Who is Ann Patchett and Why Should Your Company Care?

Photo of a Borders store with closing sign on it

Are you doing enough to promote yourself? Doing enough to promote your company? Are you doing enough to promote your industry?

Hmm, did that last question get you?

If you’re thinking, “Why do I need to promote my industry?” then you might want to take a look around. Many professions and industries are endangered, for example:

  • Brick & mortar retail stores
  • Publishing houses
  • Newspapers and journalists
  • Supermarkets (in my area, I can name at least three large chains that have gone under or are in trouble)

If you think your industry is riding high right now, keep in mind the turnaround from uphill to downhill can be quite quick.

Follow the Leader

Believe it or not, I’m going to tell you to follow an author’s lead. Ann Patchett is the author who is a shining example of how to treat your fans and customers and, hence, preserve an industry.

Be the Change

Over the past several years, bookstores have been closing like mad. When big-house bookstore Borders went down, Ann Patchett had had enough. She wasn’t just sad about it like the rest of us. She decided to take matters into her own hands and started a bookstore of her own.

With business partner (and publishing veteran) Karen Hayes, Patchett opened Parnassus Books in Nashville, saying:

I think of this as my gift to the city: This is what I want to see in Nashville, and if I want to live in a city with a bookstore, then I’m willing to pay for it.

Putting her money where her mouth is—how refreshing. That’s what more of us need to do—take action. But we should probably start being more proactive about it than reactive.

Go the Extra Step

I was in Target the other day (cooling off from the 100-degree heat) and already had a book in my hand to purchase when I saw State of Wonder by Patchett. I had only read one book of hers (Run), but I knew from the very first pages of that novel that she was an excellent writer.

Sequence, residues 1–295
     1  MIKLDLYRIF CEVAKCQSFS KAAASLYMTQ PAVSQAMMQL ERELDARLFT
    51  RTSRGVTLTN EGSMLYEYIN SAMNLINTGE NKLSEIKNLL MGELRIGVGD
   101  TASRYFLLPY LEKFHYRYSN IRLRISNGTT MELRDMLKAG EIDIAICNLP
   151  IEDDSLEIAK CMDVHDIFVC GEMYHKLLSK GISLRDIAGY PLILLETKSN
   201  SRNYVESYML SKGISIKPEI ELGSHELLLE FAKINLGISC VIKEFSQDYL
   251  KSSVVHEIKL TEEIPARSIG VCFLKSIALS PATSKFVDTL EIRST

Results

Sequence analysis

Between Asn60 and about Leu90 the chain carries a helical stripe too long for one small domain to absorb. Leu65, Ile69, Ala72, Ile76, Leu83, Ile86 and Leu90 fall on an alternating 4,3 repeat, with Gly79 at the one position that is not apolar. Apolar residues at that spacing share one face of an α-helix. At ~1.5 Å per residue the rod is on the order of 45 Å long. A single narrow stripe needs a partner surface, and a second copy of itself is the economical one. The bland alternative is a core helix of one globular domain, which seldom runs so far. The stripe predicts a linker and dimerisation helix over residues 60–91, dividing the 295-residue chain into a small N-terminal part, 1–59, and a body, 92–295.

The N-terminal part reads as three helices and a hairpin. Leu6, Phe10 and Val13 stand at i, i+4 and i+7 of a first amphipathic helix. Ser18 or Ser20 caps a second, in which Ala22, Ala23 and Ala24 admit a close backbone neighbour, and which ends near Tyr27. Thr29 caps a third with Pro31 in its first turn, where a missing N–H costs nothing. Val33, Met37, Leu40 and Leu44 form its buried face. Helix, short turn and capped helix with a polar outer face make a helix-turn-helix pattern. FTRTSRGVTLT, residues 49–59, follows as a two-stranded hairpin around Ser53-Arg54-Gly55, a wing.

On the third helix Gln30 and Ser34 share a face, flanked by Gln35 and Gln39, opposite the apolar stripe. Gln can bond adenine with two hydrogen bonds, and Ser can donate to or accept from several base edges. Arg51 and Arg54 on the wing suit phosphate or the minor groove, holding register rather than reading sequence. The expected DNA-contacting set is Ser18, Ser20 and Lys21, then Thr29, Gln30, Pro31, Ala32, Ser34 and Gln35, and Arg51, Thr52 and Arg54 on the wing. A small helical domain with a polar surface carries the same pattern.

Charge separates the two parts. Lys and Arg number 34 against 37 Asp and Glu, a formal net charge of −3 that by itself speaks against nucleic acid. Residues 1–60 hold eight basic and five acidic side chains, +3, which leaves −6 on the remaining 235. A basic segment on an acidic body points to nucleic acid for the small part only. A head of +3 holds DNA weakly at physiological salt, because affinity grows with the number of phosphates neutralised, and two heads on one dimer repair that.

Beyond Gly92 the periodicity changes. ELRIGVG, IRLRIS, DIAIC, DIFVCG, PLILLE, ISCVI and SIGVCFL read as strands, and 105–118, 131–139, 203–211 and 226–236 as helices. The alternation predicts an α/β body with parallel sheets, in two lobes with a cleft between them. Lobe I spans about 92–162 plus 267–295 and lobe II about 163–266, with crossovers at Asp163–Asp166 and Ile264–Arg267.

Reading the book jacket, I still was planning to buy the first book I picked up that day, but then I saw something that changed my mind. On the very first page of her trade paperback was a letter:

Dear Target Guest,

I think of Target as a place where a person can run in and pick up just about anything, and I’m glad to know that books are included on that list. Not every town has a bookstore anymore, and I think it’s great that Target takes an interest in providing and promoting books, especially in the places where people might not be able to easily find them otherwise…

Patchett goes on to say many more nice things, but you get the gist of it. She wrote a nice, personal letter to her reader, and she thanked Target in the process. And she ends with, “I hope you enjoy it.” (I did, by the way.)

As a reader, I feel almost like she was speaking to me, handing me the book herself. I don’t need any more reasons to love Target, but Patchett also does a great job promoting the retail giant and making us feel like there’s a fabulous collaboration taking place here.

What Will You Do?

Maybe if we all kept that big picture in mind and showed our appreciation more often, we’d have more industries and professions that continue to find ways to work together and grow.